mortality table with projection. A chart used in life insurance product design and premium pricing showing mortality rates that an insurer has modified by multiplying them by a chosen percentage. Contrast with static mortality table.

mortgage. A loan secured by a pledge of specified real property.

mortgage redemption insurance. A plan of decreasing term life insurance designed to provide a death benefit amount that corresponds to the decreasing amount owed on a mortgage loan.

motor vehicle record (MVR). In the United States, a record that typically contains information about a person’s driving history, including information about traffic violations and arrests and convictions for driving-related incidents.

Movement of Securities Return. A statement that each federally-licensed insurer in Canada must file every six months with the Office of the Superintendent of Financial Institutions (OSFI). The statement lists all of the securities that the insurer bought and sold during the preceding six-month period and all of the insurer’s loans, including its policy loans, for that period.

moving average market method. An accounting process in which an insurer in Canada systematically adjusts unrealized gains or losses that result from changes in the current market value of equity investments over a period of years.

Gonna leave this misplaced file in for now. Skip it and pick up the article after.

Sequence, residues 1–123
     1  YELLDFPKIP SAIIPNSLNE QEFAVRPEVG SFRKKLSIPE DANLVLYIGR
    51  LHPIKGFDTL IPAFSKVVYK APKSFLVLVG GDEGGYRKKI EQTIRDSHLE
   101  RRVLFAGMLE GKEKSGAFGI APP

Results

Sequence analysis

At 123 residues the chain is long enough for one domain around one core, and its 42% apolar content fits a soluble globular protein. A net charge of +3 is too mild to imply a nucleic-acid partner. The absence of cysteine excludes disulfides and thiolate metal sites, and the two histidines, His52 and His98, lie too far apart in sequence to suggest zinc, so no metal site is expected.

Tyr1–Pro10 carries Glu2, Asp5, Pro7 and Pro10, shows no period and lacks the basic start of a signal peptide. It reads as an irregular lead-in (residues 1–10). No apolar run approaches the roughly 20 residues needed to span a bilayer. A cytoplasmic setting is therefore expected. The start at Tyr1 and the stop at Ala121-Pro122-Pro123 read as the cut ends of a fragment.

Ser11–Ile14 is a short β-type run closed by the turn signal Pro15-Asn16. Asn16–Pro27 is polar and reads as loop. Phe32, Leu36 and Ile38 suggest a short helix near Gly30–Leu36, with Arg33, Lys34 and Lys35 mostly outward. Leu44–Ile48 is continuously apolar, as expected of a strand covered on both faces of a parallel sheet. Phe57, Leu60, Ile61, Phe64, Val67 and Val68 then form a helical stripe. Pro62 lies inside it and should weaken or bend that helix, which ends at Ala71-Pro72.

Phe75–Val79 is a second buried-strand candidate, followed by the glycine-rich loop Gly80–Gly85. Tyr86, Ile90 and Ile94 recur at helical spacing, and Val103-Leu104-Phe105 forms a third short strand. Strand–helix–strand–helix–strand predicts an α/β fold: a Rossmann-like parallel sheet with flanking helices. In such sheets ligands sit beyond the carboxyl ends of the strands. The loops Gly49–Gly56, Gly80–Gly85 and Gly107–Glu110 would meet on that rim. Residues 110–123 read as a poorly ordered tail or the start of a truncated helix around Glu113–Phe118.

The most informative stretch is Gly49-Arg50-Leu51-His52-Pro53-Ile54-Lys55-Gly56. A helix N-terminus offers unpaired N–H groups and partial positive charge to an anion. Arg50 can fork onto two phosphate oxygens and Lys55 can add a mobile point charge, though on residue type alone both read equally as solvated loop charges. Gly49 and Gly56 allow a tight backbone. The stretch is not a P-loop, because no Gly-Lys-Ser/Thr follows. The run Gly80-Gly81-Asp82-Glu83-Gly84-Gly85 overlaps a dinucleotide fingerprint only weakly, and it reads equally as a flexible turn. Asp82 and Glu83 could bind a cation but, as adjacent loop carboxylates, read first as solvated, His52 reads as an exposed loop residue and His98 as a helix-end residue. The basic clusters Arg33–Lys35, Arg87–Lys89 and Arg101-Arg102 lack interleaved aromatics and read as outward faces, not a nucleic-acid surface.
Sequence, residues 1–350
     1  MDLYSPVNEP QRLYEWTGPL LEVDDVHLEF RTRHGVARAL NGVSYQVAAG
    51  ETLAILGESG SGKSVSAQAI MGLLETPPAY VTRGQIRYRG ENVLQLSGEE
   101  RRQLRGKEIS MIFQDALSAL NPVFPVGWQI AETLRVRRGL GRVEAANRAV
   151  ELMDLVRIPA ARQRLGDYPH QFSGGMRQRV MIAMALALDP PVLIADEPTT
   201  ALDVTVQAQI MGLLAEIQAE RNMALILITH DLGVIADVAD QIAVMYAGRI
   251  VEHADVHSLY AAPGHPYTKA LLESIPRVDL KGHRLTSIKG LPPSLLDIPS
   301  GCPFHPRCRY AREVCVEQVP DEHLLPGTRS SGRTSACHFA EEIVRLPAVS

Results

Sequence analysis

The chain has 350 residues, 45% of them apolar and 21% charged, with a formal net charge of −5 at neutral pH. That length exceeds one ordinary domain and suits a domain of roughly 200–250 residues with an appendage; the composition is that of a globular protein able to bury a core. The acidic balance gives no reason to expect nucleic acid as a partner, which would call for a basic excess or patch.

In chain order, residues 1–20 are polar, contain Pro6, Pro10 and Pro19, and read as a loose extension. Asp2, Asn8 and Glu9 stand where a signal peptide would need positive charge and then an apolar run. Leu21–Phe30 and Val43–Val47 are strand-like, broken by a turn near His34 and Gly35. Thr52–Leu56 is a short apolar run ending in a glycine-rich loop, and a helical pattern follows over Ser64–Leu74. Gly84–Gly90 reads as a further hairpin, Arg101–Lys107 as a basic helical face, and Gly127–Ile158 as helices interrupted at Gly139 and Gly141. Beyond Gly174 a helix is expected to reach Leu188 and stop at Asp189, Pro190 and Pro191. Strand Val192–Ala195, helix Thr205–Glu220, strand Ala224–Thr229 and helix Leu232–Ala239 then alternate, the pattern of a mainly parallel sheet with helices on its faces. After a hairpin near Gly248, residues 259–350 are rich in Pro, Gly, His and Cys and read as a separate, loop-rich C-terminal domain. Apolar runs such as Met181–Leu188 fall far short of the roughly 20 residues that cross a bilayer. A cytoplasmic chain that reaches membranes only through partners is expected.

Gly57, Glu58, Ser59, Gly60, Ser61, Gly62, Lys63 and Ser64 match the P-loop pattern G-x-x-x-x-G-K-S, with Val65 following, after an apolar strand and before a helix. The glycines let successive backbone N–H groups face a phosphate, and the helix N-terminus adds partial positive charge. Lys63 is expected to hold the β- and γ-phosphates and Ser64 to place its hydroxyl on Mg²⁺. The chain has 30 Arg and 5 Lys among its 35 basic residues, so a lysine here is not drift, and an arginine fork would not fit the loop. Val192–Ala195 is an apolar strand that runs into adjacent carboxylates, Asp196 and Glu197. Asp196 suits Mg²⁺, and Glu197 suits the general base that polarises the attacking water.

MPP. See minimum premium plan.

MRDsSee minimum required distributions.

MSA. See medical savings account.

multiple employer group. A type of group that generally is eligible for group insurance coverage and that consists of employees of (1) two or more employers, (2) two or more labor unions, or (3) one or more employers and one or more labor unions.

multiple-line agency (MLA) system. An agency-building insurance distribution system that uses full-time career agents and agent-brokers to distribute life, health, and property/casualty insurance products for a group of affiliated insurance companies. The MLA system offers a more comprehensive product line than the ordinary system. See also agency-building distribution system.

mutual benefit method. A method used in the past to fund life insurance in which the participating members of a mutual benefit society agreed to pay an equal, specific amount of money after the death of any other member. Also known as post-death assessment method.

mutual fund. An account established by a financial services company that combines the money of many people and invests it in a variety of financial instruments.

mutual insurance company. An insurance company that is owned by its policyowners. Contrast with stock insurance company.

mutualization. The process of converting a stock insurance company’s corporate form of organization to that of a mutual company. See also mutual insurance company,demutualization, and stock insurance company.

MVR. See motor vehicle record.